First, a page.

‘One of our own’: Catholic leaders welcome Amy Coney Barrett to Supreme Court
Catholic bishops, academics, and policy experts hailed the confirmation of Justice Amy Coney Barrett to the Supreme Court on October 26. Barrett was confirmed Monday evening in a senate vote that mostly divided along party lines.
Barrett is now the sixth practicing Catholic justice at the Supreme court, joining Chief Justice John Roberts and Justices Thomas, Samuel Alito, Sonia Sotomayor, and Brett Kavanaugh. In addition, Barrett will join Sotomayor as the only two Catholic female Supreme Court Justices in U.S. history.
Archbishop Gregory Aymond of New Orleans hailed Barrett, a Louisiana native, as “one of our own” on Monday evening. “We pray that the Holy Spirit will continue to lead her and guide her in her service to our country.”
Bishop Richard Stika of Knoxville, Tennessee, also added his congratulations to Barrett via Twitter, as did Bishop Joseph Strickland of Tyler, Texas.
Barrett’s arrival at the Supreme Court was also welcomed by her former colleagues at the University of Notre Dame, where she was both a law student and professor for several years.
“On behalf of the University of Notre Dame, I congratulate Amy Coney Barrett on her confirmation today by the United States Senate as a justice of the United States Supreme Court,” Fr. John Jenkins, C.S.C., president of the university said in a statement.
“Recognized by experts from across the spectrum of judicial philosophies as a superb legal scholar and judge, she is an esteemed colleague and a teacher revered by her students. Justice Barrett becomes the first alumna of Notre Dame Law School and the first Notre Dame faculty member to be so honored,” Jenkins said.
“We join her family and friends in celebrating this momentous achievement, and we assure Justice Barrett and all her colleagues on the nation’s highest court of our continued prayers in their work of administering justice and upholding the Constitution.”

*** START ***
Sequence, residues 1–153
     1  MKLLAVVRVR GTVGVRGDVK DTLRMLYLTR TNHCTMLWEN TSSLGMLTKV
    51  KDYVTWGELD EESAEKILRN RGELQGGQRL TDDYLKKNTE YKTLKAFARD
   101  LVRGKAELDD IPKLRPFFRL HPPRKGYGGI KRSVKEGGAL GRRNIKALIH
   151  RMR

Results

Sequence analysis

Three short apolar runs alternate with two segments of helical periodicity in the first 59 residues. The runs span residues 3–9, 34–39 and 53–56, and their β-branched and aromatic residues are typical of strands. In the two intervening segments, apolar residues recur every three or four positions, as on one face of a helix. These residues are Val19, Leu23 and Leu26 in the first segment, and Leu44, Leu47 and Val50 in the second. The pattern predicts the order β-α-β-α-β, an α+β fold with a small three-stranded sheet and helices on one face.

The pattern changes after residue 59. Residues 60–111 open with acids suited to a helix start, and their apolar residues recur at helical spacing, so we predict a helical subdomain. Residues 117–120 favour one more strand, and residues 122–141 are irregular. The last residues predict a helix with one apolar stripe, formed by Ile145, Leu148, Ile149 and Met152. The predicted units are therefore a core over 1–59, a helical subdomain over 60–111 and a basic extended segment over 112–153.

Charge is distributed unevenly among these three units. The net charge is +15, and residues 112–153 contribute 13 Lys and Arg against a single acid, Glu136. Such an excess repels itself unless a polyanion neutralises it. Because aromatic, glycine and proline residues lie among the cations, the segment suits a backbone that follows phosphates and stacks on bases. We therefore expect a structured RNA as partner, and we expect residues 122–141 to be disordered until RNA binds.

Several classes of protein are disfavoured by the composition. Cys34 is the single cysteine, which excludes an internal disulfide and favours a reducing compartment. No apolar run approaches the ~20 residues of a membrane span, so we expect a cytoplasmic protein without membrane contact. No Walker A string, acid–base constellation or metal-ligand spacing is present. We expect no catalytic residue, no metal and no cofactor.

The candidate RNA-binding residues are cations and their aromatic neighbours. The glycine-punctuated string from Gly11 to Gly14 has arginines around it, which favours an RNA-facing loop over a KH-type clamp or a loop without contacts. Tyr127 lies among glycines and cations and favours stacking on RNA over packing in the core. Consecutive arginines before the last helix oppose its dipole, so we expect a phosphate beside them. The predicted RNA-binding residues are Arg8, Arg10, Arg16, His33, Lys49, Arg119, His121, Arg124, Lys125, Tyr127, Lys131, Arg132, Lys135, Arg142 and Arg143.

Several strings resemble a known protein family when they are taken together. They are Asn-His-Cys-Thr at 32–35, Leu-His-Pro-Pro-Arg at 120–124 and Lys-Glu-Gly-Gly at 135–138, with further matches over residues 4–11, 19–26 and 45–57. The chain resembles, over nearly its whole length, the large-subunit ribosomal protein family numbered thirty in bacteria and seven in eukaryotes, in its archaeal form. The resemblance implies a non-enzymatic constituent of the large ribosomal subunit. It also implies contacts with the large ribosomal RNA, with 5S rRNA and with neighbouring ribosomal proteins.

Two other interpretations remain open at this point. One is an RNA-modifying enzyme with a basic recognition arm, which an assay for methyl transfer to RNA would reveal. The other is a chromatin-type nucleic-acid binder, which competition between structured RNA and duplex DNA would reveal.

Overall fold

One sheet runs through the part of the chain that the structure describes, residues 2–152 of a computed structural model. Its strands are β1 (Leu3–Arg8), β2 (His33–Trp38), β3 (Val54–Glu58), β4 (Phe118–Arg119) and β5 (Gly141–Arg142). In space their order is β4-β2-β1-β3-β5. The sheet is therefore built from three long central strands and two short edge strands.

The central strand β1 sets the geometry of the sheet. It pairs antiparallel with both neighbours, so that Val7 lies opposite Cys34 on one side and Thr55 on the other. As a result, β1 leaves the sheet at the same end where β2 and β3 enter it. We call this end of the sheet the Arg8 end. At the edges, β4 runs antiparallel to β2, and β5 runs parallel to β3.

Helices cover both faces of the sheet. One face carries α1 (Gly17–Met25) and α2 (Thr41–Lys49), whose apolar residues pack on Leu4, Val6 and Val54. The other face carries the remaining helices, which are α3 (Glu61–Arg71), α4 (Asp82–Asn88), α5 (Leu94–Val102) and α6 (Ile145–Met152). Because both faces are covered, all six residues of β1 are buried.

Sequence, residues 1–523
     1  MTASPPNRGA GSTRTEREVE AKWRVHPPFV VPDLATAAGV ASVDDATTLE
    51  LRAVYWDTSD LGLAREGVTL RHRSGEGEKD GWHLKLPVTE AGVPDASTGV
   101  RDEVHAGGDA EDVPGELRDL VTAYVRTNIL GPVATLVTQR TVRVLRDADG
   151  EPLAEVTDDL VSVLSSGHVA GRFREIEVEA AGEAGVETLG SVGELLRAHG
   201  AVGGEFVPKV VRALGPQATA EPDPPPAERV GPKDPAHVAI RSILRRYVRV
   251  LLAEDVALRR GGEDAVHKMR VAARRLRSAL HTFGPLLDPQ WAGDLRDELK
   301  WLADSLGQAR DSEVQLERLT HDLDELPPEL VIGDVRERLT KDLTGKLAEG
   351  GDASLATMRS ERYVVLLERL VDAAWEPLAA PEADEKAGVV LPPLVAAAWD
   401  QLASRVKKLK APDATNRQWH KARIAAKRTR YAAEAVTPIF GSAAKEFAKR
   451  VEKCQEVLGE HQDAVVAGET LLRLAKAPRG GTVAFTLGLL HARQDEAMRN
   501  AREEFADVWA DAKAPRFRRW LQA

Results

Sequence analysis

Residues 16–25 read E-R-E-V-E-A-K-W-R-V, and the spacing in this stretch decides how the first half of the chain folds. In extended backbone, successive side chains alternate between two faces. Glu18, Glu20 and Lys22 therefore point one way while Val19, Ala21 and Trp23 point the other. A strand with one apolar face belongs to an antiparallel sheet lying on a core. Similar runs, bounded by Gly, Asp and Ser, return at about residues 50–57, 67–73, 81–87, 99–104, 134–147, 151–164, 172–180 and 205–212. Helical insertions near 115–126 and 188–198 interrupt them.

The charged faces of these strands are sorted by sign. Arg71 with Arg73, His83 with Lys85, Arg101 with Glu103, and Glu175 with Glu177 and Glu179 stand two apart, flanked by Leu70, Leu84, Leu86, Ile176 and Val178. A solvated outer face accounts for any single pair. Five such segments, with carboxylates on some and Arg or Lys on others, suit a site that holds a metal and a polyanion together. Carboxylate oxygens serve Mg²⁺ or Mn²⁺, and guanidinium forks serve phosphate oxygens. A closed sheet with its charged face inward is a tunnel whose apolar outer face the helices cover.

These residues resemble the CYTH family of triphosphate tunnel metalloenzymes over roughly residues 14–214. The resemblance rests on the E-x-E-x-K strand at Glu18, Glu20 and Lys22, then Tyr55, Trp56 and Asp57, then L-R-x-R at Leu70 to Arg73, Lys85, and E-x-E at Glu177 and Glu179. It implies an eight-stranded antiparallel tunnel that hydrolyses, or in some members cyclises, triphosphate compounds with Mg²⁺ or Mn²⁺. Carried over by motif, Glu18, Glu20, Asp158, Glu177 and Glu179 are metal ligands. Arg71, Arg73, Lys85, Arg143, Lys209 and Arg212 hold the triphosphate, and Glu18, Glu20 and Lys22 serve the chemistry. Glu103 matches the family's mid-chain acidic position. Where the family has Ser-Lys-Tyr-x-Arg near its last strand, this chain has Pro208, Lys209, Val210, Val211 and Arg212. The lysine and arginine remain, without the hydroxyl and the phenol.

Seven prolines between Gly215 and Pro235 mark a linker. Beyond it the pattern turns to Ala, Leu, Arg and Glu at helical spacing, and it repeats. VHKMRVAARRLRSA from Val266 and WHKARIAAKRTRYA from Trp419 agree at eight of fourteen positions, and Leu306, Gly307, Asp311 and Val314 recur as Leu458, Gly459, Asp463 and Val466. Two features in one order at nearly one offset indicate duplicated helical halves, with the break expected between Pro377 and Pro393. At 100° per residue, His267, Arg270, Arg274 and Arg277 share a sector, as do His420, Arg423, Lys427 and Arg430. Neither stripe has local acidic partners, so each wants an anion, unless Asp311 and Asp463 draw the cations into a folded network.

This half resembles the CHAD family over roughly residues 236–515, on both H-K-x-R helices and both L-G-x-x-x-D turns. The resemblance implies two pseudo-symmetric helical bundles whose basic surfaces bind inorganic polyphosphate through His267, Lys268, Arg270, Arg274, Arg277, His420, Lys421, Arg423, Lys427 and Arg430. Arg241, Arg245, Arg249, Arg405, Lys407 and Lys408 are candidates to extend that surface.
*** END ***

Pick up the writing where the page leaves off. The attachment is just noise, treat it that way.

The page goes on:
Jenkins’ sentiment was echoed by G. Marcus Cole, the Joseph A. Matson Dean and a professor of law at Notre Dame Law school. Cole said he was “immensely proud of our alumna, colleague, and friend on this momentous occasion.”
“For more than two decades, we have been blessed by her brilliant scholarship, her devoted teaching, and her thoughtful, open-minded approach to legal questions,” said Cole. He referred to Barrett as not only a “brilliant” scholar, but also as someone who is “exemplary” kind and generous.
“While we will miss her presence on our campus and in our community, we look forward to witnessing these qualities as she serves on our nation’s highest court,” said Cole.
Born in New Orleans, Barrett attended the University of Notre Dame Law School before clerking for D.C. Circuit Court Judge Laurence Silberman and Supreme Court Justice Antonin Scalia. She then entered private practice, returned to Notre Dame Law School to teach classes in 2002, and became a professor in 2010.
During her confirmation process, Barrett became a target for criticism by both media commentators and Democratic lawmakers, with multiple stories focusing on her religious beliefs and family.